Child Abuse and the HCCAICA
What happens if a mother wrongfully removes a child from his habitual residence because of fears that the child will be abused by his father? In such circumstances can the mother flee the country with the child consistent with the Hague Convention on the Civil Aspects of International Child Abduction (HCCAICA). Those are the questions raised by the Eleventh Circuit case of Baran v. Beaty.
Here are the key facts regarding abuse:
Baran abuses alcohol on a daily or near-daily basis, that he is susceptible to lengthy drinking and gambling binges that in no way abated during the five months that Sam habitually resided with him, that he is only marginally able to care for his own basic needs, that he has no close family members or friends that could reasonably be expected to have meaningful involvement in Sam’s day-to-day care and protection, that he is emotionally unstable and prone to uncontrolled destructive outbursts of rage, that he was physically and verbally abusive toward Beaty in Sam’s presence, that he physically endangered Sam (both intentionally and unintentionally) when Sam lived under his roof, and that Baran repeatedly and pointedly stated to Beaty after Sam’s birth that he did not want Sam, that Sam should have been aborted, that Sam would die if Sam “became an American,” and that Beaty could not blame him if “something happened to” Sam.
So in response, the mother fled with Sam to the United States when he was only a few months old. The father filed an application in Australia and the United States for the child’s return. The parties do not dispute that the mother “wrongfully removed” the child within the meaning of HCCAICA, but they disagree as to whether the father’s behavior constituted a “grave risk of harm” within the meaning of Article 13(b) of the HCCAICA. That provision provides that:
Notwithstanding the provisions [providing a remedy of return for wrongfully removed children], the judicial or administrative authority of the requested State is not bound to order the return of the child if the person … wh[o] opposes [the child’s] return establishes that … there is a grave risk that his or her return would expose the child to physical or psychological harm or otherwise place the child in an intolerable situation.
The Eleventh Circuit agreed that returning Sam to the father would pose a “grave risk of harm.”
Although it is true there was no evidence to suggest Baran intentionally harmed Samuel, the district court was presented with evidence Baran had threatened to do so both before and after Samuel’s birth. Moreover, the court heard testimony that Baran had placed Samuel in harm’s way by abusing Beaty while she was pregnant, verbally berating Beaty for hours on end while she held Samuel in her arms, and handling newborn Samuel irresponsibly while drunk. To deny return, the district court was not required to find Samuel had previously been physically or psychologically harmed; it was required to find returning him to Australia would expose him to a present grave risk of physical or psychological harm, or otherwise place him in an intolerable situation. Convention, art. 13(b). The evidence presented was sufficient to support the court’s conclusion that Baran’s violent temper and abuse of alcohol would expose Samuel to a grave risk of harm were he to be returned to Australia.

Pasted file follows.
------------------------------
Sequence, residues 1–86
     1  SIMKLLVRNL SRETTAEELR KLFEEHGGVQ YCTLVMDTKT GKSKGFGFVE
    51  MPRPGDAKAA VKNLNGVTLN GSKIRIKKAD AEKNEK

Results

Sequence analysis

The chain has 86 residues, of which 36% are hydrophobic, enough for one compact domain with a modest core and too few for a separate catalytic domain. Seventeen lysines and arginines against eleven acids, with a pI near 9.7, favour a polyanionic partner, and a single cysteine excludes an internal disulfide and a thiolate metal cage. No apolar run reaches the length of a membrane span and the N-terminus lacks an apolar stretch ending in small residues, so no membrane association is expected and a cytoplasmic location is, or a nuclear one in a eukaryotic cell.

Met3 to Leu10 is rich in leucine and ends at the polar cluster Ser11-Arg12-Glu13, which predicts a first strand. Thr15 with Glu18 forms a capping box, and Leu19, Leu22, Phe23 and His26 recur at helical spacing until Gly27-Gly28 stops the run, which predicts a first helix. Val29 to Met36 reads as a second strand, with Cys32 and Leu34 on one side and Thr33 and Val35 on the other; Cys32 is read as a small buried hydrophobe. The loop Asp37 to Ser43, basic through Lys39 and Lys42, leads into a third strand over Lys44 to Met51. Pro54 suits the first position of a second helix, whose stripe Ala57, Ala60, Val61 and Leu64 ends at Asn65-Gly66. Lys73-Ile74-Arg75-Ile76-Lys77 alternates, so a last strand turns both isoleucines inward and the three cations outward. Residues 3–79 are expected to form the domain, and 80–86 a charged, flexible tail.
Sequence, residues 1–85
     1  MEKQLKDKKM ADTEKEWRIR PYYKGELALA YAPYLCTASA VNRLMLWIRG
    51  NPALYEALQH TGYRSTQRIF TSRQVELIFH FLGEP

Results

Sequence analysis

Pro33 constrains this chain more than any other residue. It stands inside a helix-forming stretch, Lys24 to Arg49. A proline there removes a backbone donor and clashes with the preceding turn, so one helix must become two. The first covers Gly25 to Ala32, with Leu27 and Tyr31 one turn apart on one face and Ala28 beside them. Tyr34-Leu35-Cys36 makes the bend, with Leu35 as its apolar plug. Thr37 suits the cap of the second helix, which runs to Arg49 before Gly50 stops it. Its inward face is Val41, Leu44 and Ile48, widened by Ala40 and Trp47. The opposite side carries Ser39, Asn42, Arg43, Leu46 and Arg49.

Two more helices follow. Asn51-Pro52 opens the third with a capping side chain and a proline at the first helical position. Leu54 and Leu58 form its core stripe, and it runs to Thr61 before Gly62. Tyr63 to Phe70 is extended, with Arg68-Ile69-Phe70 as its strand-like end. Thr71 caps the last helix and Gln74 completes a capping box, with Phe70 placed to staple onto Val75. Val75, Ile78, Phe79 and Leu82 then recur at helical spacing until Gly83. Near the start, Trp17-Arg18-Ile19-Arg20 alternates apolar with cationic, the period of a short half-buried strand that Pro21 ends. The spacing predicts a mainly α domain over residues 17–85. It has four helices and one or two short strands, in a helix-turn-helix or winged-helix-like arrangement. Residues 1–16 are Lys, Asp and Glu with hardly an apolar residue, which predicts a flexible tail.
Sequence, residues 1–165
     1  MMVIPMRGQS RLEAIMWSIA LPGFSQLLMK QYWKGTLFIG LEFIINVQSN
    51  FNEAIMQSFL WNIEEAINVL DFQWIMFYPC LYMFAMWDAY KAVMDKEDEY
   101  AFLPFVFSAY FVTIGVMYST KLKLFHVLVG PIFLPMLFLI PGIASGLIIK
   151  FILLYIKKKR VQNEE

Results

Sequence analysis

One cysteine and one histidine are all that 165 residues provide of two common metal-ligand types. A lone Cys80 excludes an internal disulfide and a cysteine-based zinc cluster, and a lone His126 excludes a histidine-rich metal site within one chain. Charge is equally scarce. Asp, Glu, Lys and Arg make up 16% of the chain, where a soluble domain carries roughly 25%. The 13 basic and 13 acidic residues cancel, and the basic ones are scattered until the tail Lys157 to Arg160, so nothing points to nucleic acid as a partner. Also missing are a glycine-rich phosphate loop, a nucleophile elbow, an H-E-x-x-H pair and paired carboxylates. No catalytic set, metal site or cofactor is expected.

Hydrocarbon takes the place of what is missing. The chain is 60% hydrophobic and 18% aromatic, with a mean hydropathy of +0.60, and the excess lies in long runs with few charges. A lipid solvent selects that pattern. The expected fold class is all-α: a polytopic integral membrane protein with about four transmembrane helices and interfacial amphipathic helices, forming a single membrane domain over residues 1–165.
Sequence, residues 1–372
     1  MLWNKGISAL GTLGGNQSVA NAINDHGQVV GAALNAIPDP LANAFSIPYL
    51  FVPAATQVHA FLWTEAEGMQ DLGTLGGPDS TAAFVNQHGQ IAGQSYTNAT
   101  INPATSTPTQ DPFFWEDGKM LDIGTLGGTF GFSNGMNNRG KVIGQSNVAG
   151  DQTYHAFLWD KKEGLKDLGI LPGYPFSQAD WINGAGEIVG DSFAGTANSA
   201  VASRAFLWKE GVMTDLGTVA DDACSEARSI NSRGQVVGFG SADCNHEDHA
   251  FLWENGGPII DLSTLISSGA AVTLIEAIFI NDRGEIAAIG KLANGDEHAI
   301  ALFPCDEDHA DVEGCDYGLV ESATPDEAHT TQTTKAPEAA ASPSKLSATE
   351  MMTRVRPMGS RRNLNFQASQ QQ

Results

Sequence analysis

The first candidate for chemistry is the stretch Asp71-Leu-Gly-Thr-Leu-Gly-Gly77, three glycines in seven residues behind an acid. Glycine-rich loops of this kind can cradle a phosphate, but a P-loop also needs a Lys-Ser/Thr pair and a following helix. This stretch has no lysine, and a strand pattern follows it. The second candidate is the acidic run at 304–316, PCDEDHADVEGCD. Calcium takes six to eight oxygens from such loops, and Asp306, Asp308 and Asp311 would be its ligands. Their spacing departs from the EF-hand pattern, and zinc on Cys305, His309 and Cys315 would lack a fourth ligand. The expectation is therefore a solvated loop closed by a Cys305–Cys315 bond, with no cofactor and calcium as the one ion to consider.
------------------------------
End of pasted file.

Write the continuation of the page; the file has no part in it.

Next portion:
The father’s second argument was that even if the child could not be returned to him directly, he should be returned to Australia and placed under the care of social services. Other circuits have followed this approach, requiring a showing that the country of habitual residence is incapable or unwilling to give the child adequate protection. The Eleventh Circuit declined to follow this approach.
Although a court is not barred from considering evidence that a home country can protect an at-risk child, neither the Convention nor ICARA require it to do so…. To require a respondent to adduce evidence regarding the condition of the legal and social service systems in a country she has fled creates difficult problems of proof, and appears not to have been contemplated by the Convention. Although we are cognizant of the Convention’s goal of quickly returning abducted children to their countries of habitual residence, the text of the Convention and the commentaries on it place a higher premium on children’s safety than on their return. Consequently, we decline to impose on a responding parent a duty to prove that her child’s country of habitual residence is unable or unwilling to ameliorate the grave risk of harm which would otherwise accompany the child’s return.
My gut reaction is that the Eleventh Circuit reached the correct result. Given the choice of returning the child to their home of habitual residence to be cared for by the state, versus the option of allowing the child to live with the mother in another country, I would think the latter option is in the best interest of the child. This is particularly so given that Sam was only a few months old when he was taken from Australia and had yet to form any connection with his home country.